The United States now operates 10 Nimitz-class "supercarriers," aircraft carriers that dwarf all other flat-tops worldwide both in size and capability.
The Nimitz carriers are 1,092 feet long and weigh a whopping 101,600 tons&mdash60 percent larger than their nearest counterparts, the Queen Elizabeth class. Each ship is propelled to speeds in excess of 30 knots by a pair of nuclear reactors, giving them nearly unlimited range. The ships are built with high-tensile steel for protection, with layers of Kevlar over vital spaces.
Each Nimitz typically carries an air wing consisting of 24 F/A-18C Hornets, 24 F/A-E/F Super Hornets, 4 to 5 E/A-18G Growler electronic warfare aircraft, 4 E-2D Hawkeye airborne early warning and control aircraft, 2 C-2 Greyhound transport aircraft, and 6 Seahawk helicopters.
In addition to the Nimitz-class, the U.S. Navy also operates nine landing helicopter dock ships of the Wasp and America classes. These ships are 843 feet long and displace roughly 40,000 tons. The ships are designed to carry air and land elements of a U.S. Marine corps landing force and have full-length, carrier-like flight decks.
Each ship can carry 10 MV-22 Osprey tiltrotor transports, 4 CH-53E heavy transport helicopters, 3 UH-1 Huey helicopters, 4 AH-1Z attack helicopters, and 6 AV-8B Harrier jump jets. With minimal modification, each Wasp can carry 24 Harriers.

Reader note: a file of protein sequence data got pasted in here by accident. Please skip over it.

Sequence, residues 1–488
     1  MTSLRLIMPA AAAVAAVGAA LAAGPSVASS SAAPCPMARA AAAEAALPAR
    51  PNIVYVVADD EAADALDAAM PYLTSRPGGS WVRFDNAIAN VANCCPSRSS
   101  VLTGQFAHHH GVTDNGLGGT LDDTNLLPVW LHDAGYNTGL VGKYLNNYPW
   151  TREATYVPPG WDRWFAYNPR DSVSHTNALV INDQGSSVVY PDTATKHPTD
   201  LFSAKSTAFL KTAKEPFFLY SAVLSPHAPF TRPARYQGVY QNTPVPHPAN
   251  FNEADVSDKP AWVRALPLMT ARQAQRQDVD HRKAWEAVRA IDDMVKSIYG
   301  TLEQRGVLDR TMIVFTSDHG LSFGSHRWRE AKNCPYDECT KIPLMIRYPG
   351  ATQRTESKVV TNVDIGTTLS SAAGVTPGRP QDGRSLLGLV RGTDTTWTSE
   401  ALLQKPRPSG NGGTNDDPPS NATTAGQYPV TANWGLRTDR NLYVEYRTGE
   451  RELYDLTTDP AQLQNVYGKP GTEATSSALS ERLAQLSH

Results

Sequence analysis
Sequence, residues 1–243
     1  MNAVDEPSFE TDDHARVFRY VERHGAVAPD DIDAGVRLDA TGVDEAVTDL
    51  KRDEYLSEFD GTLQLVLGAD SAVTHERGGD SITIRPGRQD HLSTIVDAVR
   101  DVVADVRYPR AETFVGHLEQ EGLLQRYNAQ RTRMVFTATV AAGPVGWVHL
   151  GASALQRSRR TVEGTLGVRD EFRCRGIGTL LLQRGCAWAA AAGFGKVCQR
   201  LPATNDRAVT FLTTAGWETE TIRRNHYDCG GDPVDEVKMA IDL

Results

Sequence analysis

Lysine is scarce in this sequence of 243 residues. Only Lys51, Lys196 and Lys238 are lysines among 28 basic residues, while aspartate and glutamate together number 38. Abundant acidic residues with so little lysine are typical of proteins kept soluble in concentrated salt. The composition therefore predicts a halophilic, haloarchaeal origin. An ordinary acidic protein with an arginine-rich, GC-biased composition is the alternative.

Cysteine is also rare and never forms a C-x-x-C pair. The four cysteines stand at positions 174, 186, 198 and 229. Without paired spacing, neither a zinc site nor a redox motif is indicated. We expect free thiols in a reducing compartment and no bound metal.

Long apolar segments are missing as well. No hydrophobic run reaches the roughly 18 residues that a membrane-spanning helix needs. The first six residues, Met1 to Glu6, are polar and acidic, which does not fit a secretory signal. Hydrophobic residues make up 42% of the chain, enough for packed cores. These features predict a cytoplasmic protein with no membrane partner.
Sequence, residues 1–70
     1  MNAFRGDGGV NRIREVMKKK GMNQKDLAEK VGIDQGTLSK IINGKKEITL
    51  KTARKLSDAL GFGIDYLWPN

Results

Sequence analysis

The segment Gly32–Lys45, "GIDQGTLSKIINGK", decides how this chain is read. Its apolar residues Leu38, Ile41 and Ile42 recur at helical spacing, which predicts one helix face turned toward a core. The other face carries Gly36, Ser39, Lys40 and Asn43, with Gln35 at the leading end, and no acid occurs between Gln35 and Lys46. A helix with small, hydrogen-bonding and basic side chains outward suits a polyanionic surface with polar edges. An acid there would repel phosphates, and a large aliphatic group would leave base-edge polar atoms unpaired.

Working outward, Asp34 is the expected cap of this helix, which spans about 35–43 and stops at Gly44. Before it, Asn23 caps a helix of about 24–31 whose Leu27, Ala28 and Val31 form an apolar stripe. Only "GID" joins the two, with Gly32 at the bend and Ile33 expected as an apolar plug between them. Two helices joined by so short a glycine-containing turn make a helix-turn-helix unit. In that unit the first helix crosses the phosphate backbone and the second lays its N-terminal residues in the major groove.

The America class is optimized toward carrying Marine aviation units and can carry a few more Ospreys. In the near future, the F-35B Joint Strike Fighter will replace the Harriers on a 1:1 basis, and the America class will be capable of supporting up to 20 F-35Bs at once.
Several new supercarriers, USS Gerald R. Ford, USS John F. Kennedy, USS Enterprise, and USS Doris Miller&mdashthe first naval ship to be named after a Black sailor (and an enlisted sailor)&mdashare under construction. An America-class ship, USS Tripoli, is also under development.
The age of supercarriers like the USS Gerald R. Ford may soon come to an end. Earlier this year, the acting Secretary of the Navy Thomas Modly told Defense & Aerospace Report the Navy may not purchase any more of this class of carrier.